Governor Jared Polis, speaking during a November 20 press conference about the state's response to COVID-19, said that more than 100,000 residents have the virus right now, although many of them don't realize it. That breaks down to about one out of every 49 Coloradans, Polis added — and in some of the state's hottest spots, the odds are even worse.
"It's scary," Polis conceded. "I was shocked, too, when [state health officials] said one in 49.... It's extremely prevalent in our community. Literally, everybody you encounter could be contagious at this time."
When it comes to the virus, Colorado is the rule rather than the exception, he noted, as this state "sadly continues with the rest of the nation on the upward trend." Polis expressed hope, however, that stronger mitigation efforts being taken in places such as Denver that have moved to Level Red on the Colorado Department of Public Health and Environment's dial dashboard will make a difference, particularly if the residents make recommended changes in behavior, such as not socializing with people outside their household and wearing facial coverings in public. He also stressed that upbeat news about the efficacy of multiple vaccines expected to be approved for distribution to front-line workers and members of vulnerable populations as soon as next month, with broader availability expected in the first quarter of 2021, shows that "the end is in sight...but it's still a long time from now until then."
Meanwhile, hospitals are already under strain in areas such as Mesa County, once a place where infections were rare, and Weld County, whose leaders have chafed at state safety directives since the start of the pandemic. According to Polis, Mesa County's medical system is already at full capacity, and in Weld County, there are "three ICU beds and zero regular beds" remaining, prompting the state to step in.
Shortly after teasing a special session of the state legislature slated to get under way on November 30 and once again beseeching the federal government to work in a bipartisan manner to approve new aid for states, counties and cities, Polis introduced two guests: Dr. Alan-Michael Vargas, based in Garfield County, and Marisa Duran, a health-care provider who likely contracted the virus on the job at Rifle's Grand River Health clinic. Both talked about the challenges presented by the virus and underscored the importance of making safe choices for those who live in rural areas as well as individuals residing in larger population centers.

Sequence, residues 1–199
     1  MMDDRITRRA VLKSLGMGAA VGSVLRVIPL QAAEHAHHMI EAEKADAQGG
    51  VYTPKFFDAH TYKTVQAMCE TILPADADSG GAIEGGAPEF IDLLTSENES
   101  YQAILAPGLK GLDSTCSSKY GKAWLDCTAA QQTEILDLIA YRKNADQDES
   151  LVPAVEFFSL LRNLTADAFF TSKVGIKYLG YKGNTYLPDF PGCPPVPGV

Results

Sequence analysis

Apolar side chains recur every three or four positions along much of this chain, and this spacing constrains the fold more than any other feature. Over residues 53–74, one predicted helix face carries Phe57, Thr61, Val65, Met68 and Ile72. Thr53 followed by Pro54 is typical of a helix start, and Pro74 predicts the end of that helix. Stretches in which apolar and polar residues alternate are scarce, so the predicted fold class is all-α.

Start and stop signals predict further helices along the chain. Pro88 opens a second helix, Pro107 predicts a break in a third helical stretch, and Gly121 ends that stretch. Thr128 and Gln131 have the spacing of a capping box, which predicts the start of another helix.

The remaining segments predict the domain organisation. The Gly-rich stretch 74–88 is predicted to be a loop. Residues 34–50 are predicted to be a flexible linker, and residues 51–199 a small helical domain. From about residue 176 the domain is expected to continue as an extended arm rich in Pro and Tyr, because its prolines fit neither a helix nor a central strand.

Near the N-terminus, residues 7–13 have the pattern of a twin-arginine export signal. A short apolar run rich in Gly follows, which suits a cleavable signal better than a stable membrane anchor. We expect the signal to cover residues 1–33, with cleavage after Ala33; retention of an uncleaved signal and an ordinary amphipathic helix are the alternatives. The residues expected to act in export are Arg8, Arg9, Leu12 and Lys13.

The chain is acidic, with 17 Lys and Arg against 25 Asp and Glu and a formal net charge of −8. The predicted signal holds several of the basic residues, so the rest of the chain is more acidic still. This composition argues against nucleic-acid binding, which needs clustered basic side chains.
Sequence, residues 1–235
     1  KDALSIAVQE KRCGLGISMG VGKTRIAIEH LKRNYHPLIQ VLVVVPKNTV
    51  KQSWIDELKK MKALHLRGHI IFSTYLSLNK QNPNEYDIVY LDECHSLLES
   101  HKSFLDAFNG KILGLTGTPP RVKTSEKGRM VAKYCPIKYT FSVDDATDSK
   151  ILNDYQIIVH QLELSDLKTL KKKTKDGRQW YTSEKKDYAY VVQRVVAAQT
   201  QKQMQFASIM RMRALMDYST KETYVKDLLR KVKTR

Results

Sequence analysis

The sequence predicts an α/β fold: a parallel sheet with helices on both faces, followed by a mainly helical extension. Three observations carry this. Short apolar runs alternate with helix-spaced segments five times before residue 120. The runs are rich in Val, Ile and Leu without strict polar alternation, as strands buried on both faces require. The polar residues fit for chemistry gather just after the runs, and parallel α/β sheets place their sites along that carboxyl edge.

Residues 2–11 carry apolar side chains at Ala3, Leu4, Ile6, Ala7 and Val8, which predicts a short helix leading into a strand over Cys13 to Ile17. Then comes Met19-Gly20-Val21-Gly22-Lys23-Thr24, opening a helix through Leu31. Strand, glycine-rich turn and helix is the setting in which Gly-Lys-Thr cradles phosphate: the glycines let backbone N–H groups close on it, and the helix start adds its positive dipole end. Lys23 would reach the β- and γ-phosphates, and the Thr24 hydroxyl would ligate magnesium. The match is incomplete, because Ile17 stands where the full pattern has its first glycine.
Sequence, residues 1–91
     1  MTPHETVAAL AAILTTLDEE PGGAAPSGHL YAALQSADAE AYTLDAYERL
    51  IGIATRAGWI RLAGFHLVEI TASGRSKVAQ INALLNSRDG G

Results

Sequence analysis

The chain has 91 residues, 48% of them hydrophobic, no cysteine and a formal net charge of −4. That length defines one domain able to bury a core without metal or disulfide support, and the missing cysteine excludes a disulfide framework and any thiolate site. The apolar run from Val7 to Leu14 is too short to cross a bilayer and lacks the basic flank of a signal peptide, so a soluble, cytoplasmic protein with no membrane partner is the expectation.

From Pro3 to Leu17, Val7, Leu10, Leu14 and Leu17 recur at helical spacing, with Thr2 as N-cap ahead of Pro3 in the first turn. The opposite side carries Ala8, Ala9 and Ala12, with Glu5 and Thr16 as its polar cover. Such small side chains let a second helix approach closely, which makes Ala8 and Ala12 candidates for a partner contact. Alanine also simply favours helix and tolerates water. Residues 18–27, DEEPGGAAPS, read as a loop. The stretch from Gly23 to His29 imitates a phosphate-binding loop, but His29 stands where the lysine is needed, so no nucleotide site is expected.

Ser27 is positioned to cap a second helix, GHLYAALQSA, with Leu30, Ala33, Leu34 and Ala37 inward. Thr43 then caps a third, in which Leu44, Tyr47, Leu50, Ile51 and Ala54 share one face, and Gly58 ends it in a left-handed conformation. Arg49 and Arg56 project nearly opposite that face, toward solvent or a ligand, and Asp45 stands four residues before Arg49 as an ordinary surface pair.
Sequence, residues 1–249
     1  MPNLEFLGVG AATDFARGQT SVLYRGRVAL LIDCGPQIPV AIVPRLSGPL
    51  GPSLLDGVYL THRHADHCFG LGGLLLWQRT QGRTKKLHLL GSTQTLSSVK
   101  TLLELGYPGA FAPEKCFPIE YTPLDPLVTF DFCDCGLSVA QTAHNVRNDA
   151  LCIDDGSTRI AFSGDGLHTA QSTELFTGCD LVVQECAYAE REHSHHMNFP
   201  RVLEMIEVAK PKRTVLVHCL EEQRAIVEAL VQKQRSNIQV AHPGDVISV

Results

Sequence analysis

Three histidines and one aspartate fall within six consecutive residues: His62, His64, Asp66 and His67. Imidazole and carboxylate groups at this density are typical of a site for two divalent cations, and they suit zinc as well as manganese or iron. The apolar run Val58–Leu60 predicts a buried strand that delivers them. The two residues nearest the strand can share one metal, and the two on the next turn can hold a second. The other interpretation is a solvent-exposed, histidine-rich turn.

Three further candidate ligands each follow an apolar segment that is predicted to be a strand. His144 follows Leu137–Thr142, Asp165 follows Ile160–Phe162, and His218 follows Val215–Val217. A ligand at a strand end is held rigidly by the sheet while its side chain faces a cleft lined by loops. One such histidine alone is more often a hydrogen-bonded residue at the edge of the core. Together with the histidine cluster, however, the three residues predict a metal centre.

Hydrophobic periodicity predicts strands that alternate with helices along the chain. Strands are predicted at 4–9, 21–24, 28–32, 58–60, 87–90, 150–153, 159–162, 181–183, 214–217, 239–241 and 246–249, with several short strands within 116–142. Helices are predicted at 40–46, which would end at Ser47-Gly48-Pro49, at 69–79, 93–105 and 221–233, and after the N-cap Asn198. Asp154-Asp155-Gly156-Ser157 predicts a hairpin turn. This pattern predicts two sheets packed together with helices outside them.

Stricter protocols are unpopular in such counties. During the press conference, a Grand Junction reporter revealed that a protest had taken place earlier today at the offices of Mesa County Public Health over the Level Red designation imposed on that county by the CDPHE, and the Weld County commissioners have issued a statement essentially saying they plan to ignore the state's mandate.
Still, Polis defended his policy of leaving most safety decisions to counties unless or until hospital capacity issues reach a critical juncture — at which point state officials will take action, he said.
Along the way, Polis shared the latest figures from the CDPHE, revealing that Colorado again recorded more than 6,000 positive diagnoses of the novel coronavirus in a single day and has a positivity rate hovering at just over 12 percent — not as bad as in some places in the U.S., but still alarming. The issue becomes even more complex given that around 50 percent of infected individuals in their twenties and thirties, and approximately 40 percent of those representing older demographics, are asymptomatic but can still spread the virus.
While some Colorado counties have more cases per capita than others, Polis emphasized that "the virus is a major threat everywhere right now, and especially in the Rocky Mountain West and Midwest. That includes every county in the state, whether it's at one in forty people infected or one in 110. It's out there, and there's community spread."
As for the changing standards for Level Red and the introduction of a new dial position, Level Purple, Polis attempted to cut through the confusion.
"It's simple, folks," he said. "It's not about red or purple or orange. It's about people individually making the right decisions. ... From Greeley to Grand Junction and from Trinidad to Mead, this is what we need to do better at than we're doing now. All of these public-policy directives are a small piece. The biggest things are your individual decisions."
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